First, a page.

Marine scientists have been at the forefront of calling for strong and rapid action on Climate Change with Australian scientists releasing a Marine Report Card in November 2009.

In January 2009 150 Marine Scientists from around the world issued the Monaco declaration warning that “Ocean acidification could affect marine food webs and lead to substantial changes in commercial fish stocks, threatening protein supply and food security for millions of people as well as the multi-billion dollar fishing industry.”

“The chemistry is so fundamental and changes so rapid and severe that impacts on organisms appear unavoidable.” said James Orr of the Marine Environment Laboratories (MEL-IAEA) and chairman of the symposium. “The questions are now how bad will it be and how soon will it happen.”

The Declaration urged Governments to “prevent severe damages from ocean acidification by developing ambitious, urgent plans to cut emissions drastically”, as well as for Governments to improve communications with scientists and between scientists and economists.

Scientists at the Australian Institute of Marine Science in Townsville claimed in January 2009 that coral on Australia’s Great Barrier Reef reached a tipping point in 1990 with coral growth having slowed by more than 14 percent since then.

Reef corals create their hard skeletons from dissolved materials in seawater. As human induced climate change has injected growing amounts of carbon dioxide into the atmosphere, the worlds oceans have absorbed carbon dioxide making them more acidic which effectively reduces the ability of marine organisms to form skeletons. This will effect the whole food chain in the ocean.

Dr Glenn De’ath said that the severe and sudden decline in calcification was an unprecedented occurrence in the last 400 years. “The causes of this sharp decline remain unknown, but our study suggests that the combination of increasing temperature stress and ocean acidification may be diminishing the ability of GBR corals to deposit calcium carbonate,” he said.

In 2007 fifty Australian marine scientists issued a strong warning in a Consensus declaration on Coral Reef Futures calling for immediate and substantive reduction targets in human produced greenhouse emissions.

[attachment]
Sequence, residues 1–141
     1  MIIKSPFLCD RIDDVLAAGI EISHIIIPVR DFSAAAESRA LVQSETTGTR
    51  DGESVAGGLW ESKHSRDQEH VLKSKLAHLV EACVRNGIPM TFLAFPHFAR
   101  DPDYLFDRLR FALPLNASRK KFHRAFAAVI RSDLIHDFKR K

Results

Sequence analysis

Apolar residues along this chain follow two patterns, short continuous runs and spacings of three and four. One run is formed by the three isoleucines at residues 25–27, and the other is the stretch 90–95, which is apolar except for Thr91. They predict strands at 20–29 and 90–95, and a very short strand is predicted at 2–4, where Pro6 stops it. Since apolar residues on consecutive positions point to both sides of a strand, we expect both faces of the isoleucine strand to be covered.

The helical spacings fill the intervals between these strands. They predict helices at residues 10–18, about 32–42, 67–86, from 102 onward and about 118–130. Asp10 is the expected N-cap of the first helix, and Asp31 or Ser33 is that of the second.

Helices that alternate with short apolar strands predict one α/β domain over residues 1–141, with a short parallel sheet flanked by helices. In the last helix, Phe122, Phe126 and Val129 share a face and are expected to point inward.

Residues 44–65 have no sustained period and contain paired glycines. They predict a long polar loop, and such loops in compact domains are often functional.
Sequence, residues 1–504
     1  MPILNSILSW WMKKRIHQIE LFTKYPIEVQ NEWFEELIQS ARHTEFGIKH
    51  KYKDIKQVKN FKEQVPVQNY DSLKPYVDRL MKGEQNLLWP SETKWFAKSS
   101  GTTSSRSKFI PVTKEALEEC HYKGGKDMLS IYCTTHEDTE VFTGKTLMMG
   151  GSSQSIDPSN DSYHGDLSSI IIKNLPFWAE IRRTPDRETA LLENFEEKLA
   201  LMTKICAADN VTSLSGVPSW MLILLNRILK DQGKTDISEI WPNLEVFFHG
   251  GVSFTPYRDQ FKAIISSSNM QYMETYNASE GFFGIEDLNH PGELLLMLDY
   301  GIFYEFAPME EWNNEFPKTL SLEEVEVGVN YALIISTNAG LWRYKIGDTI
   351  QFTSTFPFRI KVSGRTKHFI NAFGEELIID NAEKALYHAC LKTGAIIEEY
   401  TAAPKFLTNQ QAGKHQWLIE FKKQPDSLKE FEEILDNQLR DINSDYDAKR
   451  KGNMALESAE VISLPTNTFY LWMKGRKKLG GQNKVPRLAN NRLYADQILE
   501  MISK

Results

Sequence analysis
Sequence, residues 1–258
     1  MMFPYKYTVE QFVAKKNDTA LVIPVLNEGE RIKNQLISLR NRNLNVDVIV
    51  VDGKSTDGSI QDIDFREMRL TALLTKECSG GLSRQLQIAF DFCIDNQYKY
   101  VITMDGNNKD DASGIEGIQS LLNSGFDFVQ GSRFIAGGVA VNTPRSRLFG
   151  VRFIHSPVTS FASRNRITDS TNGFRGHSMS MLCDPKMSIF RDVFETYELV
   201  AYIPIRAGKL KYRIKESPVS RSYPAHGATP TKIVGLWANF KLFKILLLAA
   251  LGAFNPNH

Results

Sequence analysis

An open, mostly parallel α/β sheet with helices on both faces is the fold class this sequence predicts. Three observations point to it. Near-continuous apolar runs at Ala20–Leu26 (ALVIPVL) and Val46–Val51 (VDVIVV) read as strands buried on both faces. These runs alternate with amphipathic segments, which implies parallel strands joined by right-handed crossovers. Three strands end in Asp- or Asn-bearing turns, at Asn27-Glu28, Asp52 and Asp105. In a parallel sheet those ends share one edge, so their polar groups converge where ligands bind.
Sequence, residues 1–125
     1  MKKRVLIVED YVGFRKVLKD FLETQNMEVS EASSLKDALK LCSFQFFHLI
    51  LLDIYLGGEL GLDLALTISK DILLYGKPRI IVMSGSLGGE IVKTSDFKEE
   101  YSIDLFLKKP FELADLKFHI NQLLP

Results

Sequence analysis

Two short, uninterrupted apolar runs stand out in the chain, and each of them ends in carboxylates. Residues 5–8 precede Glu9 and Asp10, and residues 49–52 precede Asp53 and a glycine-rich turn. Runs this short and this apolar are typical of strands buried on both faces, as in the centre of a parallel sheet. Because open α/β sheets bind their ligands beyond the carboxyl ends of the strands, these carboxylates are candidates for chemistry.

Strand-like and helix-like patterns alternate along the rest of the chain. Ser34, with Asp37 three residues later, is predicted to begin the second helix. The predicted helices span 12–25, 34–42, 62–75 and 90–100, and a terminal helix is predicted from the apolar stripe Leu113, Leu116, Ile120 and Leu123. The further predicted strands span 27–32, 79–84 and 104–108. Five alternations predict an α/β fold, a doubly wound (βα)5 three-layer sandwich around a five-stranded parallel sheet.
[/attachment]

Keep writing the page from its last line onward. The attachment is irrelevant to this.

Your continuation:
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Killer Fungus Threatening Amphibians


ScienceDaily (Nov. 24, 2009) — Amphibians like frogs and toads have existed for 360 million years and survived when the dinosaurs didn’t, but a new aquatic fungus is threatening to make many of them extinct, according to an article in the November issue of Microbiology Today.

The fungus, Batrachochytrium dendrobatidis (Bd),was found to be associated with waves of amphibian extinctions in Central America and north-eastern Australia in the 1990’s. Bd infects over 350 amphibian species by penetrating their skin, but little else is known about where it came from and how it causes disease.

The earliest published record of Bd is from a specimen of an African clawed frog in 1938 from South Africa. Around this time there was a huge trade in clawed frogs when they were used in one of the earliest human pregnancy tests. The global exportation of the clawed frog is likely to have spread Bd around the world. The infection is spread by fungal spores released into the water supply from imported infected animals.

Researchers are trying different approaches to treat existing Bd infection. Some are treating tadpoles with antifungal drugs, whilst more innovative approaches involve introducing ‘probiotic’ bacteria that naturally secrete antifungal compounds which kill Bd on amphibians’ skin. To help limit the spread of infection, the World Organization for Animal Health (WOAH) now recommends screening imported amphibians for presence of Bd.